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Friday,September 18,2020 21:08 PM

Valuing volunteer teachers

By Vision Reporter

Added 6th August 2005 03:00 AM

MANY schools have foreign volunteer students, academicians and professionals as teaching staff.

MANY schools have foreign volunteer students, academicians and professionals as teaching staff.

MANY schools have foreign volunteer students, academicians and professionals as teaching staff.

Some of them who are working with schools, religious institutions, NGOs and charity organisations volunteer to teach various disciplines. They save money and travel to other countries.

So, what is your attitude towards them? Their lifestyle explains who they are. They usually learn the indigenous languages and people’s backgrounds. Their dress code may differ, but they try to imitate the different cultures and travel in commuter taxis. This is commendable. They come from places with different lifestyles, dine with the locals and even do the household chores.

They may lack experience, but the time spent in the country means a new experience. Let this be your opportunity, accommodate them, accept them for who they are and respect them for having chosen our country. People usually call them ‘Bazungu’ (whites), but they should be viewed as equals, mentors, colleagues and global relatives.

Befriending them is a way of learning, sharing experiences and gaining expertise. To a large extent, there is a difference in skills development and confidence, which leads to proper personal development.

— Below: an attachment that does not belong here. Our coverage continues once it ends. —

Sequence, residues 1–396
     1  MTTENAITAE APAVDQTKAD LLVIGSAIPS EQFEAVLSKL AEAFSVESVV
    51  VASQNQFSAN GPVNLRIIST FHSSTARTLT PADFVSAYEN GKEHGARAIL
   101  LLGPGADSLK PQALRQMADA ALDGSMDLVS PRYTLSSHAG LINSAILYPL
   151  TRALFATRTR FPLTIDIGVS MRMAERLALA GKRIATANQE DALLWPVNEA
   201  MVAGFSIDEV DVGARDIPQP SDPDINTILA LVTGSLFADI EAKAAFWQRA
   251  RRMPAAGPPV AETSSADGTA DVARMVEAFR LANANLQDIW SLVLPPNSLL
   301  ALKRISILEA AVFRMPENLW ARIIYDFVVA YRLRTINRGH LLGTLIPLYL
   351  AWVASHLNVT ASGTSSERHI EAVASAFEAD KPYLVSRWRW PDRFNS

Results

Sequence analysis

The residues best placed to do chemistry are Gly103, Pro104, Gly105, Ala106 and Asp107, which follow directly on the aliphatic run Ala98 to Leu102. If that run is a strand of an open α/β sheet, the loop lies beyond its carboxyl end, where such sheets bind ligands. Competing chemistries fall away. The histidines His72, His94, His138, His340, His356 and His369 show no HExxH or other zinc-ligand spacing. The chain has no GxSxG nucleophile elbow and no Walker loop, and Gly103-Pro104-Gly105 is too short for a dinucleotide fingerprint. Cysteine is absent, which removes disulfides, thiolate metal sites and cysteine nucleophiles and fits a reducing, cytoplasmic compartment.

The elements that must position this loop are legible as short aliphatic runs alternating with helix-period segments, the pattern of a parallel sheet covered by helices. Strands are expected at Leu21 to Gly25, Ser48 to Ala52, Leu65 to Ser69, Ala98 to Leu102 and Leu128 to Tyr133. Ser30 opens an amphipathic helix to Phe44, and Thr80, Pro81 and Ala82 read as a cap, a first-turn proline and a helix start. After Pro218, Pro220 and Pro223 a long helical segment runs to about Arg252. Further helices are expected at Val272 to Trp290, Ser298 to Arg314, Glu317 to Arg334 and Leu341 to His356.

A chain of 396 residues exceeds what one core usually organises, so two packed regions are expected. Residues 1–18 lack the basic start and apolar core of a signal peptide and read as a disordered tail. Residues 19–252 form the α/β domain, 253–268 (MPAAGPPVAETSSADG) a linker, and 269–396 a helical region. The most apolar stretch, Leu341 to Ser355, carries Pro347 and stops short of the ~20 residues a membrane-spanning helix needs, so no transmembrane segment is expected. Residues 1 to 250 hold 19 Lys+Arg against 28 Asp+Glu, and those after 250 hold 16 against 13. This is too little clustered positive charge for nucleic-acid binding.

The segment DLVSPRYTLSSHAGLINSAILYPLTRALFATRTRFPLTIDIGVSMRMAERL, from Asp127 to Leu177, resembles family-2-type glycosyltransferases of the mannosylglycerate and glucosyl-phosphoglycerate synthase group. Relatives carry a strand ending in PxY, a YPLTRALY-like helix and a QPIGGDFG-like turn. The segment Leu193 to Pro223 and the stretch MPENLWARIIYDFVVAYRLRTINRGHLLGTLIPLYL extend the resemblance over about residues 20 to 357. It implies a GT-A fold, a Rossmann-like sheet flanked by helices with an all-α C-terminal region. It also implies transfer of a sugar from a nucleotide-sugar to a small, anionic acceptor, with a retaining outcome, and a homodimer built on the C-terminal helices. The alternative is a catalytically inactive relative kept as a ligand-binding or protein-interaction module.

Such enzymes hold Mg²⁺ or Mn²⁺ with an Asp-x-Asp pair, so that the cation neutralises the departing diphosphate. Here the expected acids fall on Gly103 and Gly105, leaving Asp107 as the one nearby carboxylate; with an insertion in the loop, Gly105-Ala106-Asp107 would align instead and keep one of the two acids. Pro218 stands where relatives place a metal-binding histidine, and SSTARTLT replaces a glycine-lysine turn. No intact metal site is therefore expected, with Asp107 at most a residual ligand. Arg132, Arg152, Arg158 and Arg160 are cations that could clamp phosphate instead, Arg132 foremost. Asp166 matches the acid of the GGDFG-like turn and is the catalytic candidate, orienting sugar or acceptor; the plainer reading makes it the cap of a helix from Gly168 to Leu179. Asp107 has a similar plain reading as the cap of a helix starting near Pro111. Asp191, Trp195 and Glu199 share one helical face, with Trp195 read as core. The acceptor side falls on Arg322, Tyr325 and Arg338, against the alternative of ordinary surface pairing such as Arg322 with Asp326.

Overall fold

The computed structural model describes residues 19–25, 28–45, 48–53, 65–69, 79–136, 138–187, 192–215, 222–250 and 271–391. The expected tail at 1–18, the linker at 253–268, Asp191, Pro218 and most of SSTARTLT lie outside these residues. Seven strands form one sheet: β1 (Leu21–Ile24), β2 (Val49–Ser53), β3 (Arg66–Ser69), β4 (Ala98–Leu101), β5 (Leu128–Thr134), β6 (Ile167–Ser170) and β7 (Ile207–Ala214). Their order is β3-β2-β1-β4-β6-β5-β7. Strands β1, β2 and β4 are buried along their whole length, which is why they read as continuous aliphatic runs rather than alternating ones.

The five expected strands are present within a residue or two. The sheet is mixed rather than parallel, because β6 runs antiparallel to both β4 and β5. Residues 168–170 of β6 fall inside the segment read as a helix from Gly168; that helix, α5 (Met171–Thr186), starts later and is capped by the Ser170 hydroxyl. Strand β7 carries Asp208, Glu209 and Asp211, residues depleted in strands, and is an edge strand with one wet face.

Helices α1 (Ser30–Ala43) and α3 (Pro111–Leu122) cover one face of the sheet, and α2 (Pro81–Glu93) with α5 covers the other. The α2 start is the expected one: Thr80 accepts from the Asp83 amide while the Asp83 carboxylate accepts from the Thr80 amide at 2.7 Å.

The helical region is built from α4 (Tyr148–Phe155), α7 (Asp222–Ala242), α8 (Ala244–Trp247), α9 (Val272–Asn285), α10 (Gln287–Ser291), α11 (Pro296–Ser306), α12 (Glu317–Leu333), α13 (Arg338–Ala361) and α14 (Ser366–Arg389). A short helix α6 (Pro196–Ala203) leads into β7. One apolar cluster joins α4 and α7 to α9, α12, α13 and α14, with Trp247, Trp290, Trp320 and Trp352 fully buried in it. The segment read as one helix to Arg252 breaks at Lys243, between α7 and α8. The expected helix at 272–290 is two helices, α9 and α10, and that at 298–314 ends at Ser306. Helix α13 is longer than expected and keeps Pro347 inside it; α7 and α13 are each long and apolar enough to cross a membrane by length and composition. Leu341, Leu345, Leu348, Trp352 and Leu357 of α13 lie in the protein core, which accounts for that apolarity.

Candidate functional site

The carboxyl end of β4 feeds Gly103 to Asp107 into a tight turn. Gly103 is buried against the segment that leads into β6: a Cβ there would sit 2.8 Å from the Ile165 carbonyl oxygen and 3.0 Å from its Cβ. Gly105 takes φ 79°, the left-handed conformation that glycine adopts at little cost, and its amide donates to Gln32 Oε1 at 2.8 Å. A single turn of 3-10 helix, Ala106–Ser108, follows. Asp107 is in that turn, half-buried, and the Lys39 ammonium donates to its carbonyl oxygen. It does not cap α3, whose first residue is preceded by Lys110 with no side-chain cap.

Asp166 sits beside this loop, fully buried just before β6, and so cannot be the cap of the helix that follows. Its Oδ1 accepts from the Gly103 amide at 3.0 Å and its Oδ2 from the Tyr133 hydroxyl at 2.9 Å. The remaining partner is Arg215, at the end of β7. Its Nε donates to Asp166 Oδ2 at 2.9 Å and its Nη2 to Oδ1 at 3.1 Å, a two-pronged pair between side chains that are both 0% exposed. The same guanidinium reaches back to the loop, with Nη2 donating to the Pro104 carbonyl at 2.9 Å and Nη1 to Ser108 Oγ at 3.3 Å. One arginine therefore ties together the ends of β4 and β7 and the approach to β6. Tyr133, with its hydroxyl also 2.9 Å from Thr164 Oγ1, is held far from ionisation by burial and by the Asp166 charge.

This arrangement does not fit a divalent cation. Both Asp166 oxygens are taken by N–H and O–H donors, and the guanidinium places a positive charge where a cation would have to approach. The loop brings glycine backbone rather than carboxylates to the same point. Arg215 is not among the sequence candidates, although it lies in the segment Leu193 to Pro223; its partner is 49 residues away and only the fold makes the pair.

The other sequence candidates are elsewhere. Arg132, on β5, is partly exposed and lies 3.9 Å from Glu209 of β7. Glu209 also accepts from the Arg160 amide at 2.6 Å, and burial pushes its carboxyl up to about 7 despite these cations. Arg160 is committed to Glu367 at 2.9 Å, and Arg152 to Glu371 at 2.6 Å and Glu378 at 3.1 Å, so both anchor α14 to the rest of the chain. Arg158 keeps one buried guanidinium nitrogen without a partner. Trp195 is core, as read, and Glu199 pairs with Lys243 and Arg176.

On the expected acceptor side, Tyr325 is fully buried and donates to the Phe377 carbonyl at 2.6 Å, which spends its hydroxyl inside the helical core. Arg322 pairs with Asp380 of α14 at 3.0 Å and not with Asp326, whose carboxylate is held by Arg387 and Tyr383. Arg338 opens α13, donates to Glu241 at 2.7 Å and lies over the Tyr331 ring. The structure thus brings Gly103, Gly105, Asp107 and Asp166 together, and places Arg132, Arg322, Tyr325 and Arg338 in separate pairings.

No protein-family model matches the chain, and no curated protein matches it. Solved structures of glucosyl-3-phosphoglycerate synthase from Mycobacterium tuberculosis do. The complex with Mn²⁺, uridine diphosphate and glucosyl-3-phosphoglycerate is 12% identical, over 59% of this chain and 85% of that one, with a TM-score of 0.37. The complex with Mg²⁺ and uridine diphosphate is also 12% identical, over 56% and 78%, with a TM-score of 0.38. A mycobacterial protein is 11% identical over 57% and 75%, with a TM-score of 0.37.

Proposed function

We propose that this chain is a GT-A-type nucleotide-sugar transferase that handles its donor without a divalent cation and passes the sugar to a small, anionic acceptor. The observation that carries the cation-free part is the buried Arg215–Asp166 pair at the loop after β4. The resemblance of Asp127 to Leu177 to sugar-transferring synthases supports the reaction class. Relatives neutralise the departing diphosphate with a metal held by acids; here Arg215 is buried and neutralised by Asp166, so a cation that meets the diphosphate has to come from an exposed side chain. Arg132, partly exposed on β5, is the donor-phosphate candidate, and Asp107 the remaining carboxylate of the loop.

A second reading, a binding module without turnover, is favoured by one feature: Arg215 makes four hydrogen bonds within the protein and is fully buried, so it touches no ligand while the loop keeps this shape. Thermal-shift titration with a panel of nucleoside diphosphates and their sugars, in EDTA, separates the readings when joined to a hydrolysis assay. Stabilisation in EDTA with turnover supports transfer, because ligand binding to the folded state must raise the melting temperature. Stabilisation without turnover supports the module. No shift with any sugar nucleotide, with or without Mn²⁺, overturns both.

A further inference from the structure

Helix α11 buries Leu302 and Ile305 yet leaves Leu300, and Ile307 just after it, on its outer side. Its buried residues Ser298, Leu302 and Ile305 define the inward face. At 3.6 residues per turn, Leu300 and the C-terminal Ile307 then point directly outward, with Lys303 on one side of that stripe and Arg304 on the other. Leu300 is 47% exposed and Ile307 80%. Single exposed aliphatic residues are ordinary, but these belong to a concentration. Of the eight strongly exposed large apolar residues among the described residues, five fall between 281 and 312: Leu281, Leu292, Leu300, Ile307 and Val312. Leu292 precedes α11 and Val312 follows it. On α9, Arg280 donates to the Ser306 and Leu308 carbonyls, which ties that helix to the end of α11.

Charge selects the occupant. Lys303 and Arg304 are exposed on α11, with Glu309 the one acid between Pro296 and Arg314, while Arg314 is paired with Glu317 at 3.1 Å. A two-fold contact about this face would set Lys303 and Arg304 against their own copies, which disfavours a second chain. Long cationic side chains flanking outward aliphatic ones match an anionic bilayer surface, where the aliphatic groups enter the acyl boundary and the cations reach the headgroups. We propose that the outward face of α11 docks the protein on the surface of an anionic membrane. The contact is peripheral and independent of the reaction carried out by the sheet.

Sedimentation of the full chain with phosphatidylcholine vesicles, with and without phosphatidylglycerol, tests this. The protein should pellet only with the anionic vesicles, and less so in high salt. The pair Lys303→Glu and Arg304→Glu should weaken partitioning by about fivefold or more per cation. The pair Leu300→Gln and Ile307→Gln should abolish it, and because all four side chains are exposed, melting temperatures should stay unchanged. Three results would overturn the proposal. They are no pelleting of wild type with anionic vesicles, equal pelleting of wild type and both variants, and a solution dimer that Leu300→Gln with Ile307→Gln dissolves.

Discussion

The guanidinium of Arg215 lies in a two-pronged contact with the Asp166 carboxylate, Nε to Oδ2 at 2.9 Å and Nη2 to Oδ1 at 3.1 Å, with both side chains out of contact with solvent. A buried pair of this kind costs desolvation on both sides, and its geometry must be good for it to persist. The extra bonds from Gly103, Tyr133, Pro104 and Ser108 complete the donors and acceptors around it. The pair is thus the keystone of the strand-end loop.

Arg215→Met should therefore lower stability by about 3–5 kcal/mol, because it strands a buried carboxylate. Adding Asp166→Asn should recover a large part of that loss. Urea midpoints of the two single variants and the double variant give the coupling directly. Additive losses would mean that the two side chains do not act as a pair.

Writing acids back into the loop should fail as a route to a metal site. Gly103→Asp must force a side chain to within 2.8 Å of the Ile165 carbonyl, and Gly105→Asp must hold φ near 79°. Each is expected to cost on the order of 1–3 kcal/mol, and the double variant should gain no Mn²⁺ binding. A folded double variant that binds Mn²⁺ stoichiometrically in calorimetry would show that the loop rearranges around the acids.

Students get more cultural exchanges and learn to appreciate other people. The more visitors a school receives, the more opportunities they have to expand their knowledge. This quickens the students’ work in different fields.

Draw out the best from their lifestyle and expertise. One should be suspicious of volunteers who try to be too nice, but behave strangely. However, it has nothing to do with their colour, race, nationality, education, religion and origin. there are good and bad people everywhere.

Some of them who have been accorded a good reception have settled in Uganda and their performance has earned them good jobs.

Educate them on the pre-conceived ideas and myths, which are irrelevant to the current trends of political, economic, social/cultural and religious life.
Volunteer to take them to places and educate them about your culture. Be kind enough not to bad mouth other tribes.

Look at life positively and work at building the community. Always tell the truth so as to build credibility.
Exchange views on the ties between countries and learn from it.

QUESTION:

Of what benefits are foreign volunteers to your school, college or society?

Valuing volunteer teachers

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